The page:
RICS to make pub rent changes
David Rusholme and his team have taken remarkable steps to improve the anomalies in the Industry and if this progress can be continued, it will be appreciated by thousands of people involved in the Licensed Industry.
The tied tenant should be financially no worse off than the free of tie tenant — that is the key finding of the Royal Institute of Chartered Sureyors (RICS).
The RICS report also said that it had never endorsed a 50/50 split of profits and that the recent Brooker case had provided “timely guidance”. In the Brooker case, the rent was set at 35% of the divisible balance (High Court gives hope for rent cuts).
It has vowed to undertake a review of its valuation paper, which provides guidance for rent setting. “This follows the principle of the tied tenant being no worse off than the non tied tenant; a position which is arrived at with a correct interpretation of RICS guidance,” it said.
The review will focus on:
• What comparable evidence can be used.
• The concept of “the reasonably efficient operator” making a clear distinction between what a tenant can afford and value.
• Advice on whether key data such as industry average statistics, for example on turnover, can provide a check and balance to the profits method.
It said: “RICS does not, and has never has endorsed any particular split of divisible balance; RICS guidance seeks to address the factors to be taken into account to assess an appropriate division of profit and reflection of risk.
“The Forum suggests that the recent Brooker v Unique Pub Properties Ltd. case has provided timely guidance on this point.”
Perception of bias
RICS also said it would look at the make up of its Trade Related Valuation Group, which sets the guidance on rent setting, as “representations to the Forum showed that there was a perception amongst some interested parties that this Group has a bias towards pubco landlord interests”.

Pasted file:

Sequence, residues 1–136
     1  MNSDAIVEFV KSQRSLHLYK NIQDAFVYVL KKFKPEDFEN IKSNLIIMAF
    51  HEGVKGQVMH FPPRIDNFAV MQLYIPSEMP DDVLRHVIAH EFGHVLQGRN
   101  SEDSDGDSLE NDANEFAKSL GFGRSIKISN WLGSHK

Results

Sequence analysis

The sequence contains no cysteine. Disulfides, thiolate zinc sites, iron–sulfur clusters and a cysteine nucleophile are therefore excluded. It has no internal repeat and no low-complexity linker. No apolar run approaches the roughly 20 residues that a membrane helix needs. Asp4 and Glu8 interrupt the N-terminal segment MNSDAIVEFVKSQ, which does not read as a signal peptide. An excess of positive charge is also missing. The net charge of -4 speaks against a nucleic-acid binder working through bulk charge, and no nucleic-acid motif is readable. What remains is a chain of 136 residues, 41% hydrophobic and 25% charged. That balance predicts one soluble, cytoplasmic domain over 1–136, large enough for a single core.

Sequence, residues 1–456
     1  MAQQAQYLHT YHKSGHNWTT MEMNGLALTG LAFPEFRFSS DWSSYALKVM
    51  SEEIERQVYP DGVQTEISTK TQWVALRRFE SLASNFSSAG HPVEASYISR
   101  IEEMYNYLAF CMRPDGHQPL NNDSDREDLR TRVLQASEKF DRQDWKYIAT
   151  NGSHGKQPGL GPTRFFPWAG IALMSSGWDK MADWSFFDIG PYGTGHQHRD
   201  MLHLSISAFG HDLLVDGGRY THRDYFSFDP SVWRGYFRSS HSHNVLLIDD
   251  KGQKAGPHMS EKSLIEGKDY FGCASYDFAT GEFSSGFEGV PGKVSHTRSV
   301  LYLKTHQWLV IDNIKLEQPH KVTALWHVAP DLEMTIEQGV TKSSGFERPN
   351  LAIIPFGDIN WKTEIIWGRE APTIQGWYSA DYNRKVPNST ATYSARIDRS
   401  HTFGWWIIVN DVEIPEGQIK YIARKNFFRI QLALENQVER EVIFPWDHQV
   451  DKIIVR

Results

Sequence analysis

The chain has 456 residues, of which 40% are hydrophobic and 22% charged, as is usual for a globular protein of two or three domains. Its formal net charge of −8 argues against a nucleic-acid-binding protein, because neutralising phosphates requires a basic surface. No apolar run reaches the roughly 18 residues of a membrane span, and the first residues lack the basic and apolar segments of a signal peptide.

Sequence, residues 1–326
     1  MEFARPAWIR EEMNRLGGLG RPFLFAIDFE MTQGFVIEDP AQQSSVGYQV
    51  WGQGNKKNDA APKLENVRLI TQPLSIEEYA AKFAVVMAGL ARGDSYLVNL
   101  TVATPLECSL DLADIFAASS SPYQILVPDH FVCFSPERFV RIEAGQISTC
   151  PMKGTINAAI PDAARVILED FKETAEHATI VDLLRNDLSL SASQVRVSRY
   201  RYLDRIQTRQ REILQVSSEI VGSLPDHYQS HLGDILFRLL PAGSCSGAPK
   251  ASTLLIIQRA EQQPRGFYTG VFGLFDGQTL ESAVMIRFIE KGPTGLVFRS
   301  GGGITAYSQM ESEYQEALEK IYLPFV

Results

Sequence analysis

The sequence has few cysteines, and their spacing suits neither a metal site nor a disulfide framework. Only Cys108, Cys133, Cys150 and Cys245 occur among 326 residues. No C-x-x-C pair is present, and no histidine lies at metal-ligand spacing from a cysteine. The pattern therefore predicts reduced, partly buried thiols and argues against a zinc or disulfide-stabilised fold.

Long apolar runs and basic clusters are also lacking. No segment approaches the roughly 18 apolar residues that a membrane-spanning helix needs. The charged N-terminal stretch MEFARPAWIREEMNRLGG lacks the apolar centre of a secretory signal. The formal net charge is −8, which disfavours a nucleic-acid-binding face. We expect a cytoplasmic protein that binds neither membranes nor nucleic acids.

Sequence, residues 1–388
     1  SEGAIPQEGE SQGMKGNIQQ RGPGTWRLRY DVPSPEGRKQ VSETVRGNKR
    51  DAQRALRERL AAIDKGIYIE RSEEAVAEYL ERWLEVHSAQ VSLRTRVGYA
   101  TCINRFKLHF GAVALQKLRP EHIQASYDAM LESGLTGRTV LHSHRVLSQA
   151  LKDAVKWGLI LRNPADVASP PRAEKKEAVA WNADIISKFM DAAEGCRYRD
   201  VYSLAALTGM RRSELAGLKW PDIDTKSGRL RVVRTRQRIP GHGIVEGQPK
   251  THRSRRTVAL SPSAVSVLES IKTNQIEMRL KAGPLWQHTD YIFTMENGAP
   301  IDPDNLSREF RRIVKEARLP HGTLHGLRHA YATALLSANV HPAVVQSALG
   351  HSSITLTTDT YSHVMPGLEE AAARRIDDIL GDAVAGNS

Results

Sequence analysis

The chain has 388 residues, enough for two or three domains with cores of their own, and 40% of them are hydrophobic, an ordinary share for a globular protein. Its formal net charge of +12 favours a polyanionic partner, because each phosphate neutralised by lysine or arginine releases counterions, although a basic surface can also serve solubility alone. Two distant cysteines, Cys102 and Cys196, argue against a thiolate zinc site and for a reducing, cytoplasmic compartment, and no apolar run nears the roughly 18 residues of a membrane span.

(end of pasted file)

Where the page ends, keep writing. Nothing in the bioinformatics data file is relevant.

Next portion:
RICS will draw up a new code of practice, which it hopes the while industry will adhere to at rent review and lease renewal time.
It calls for:
• The method of how rent is to be calculated is to be drawn up at the start of the lease using the profits valuation method. It will state which items are to be rentalised and excluded. It will also deal with tenants’ improvements.
• A list of minimum information presented by the landlord at rent review time.
RICS found, however, that there should be no national rent register for pubs because it is not a “realistic” or “achievable” goal.
But RICS does suggest establishing a database of key financial variables to estimate Fair Maintainable Trade and the divisible balance.
“This database will only be successful if both landlords and tenants are prepared to cooperate fully and submit sufficient accurate data, so that a critical mass of data can be achieved,” it said.
“RICS and the Forum believes that benchmarking by the industry will give greater knowledge and improve the transparency in the calculation of rental value at review.
“Data would be available to benchmark and substantiate the components of the FMT calculation. It will help define more readily the concept of “a reasonably efficient operator”.
“It would also provide a basis to demonstrate the rental difference between tied and non-tied tenants and allow for an evidence-based approach to the appropriate split of the divisible balance.”
Fair Pint reaction
“Our campaign has been instrumental, along with the ALMR and others, in lobbying the RICS to respond pro-actively to the findings of the Business & Enterprise Select Committee,” said Fair Pint founding member Karl Harrison.
“We’re pleased that RICS has put in so much effort to look at the issues.
“It now appears that the RICS, and a leading property lawyer, agree with the Fair Pint Campaign that a rent review should leave the tied tenant no worse off financially than the non-tied tenant.
“This is the prime principle. It’s so important to pub tenants to see that the RICS does not endorse the 50/50 split of the divisible balance, as so often claimed by landlords to be the norm.
“It’s very important also that the RICS has attached weight to the ‘Brooker Case’.
“This judgement makes it clear that the tenant’s rent bid will be effected by all of the risks facing the tenant, and that the landlord’s share of profit ought not to exceed 35% at this time.”
The newly formed Independent Pub Confederation (IPC) fully supports the findings.
Taken from the Morning Advertiser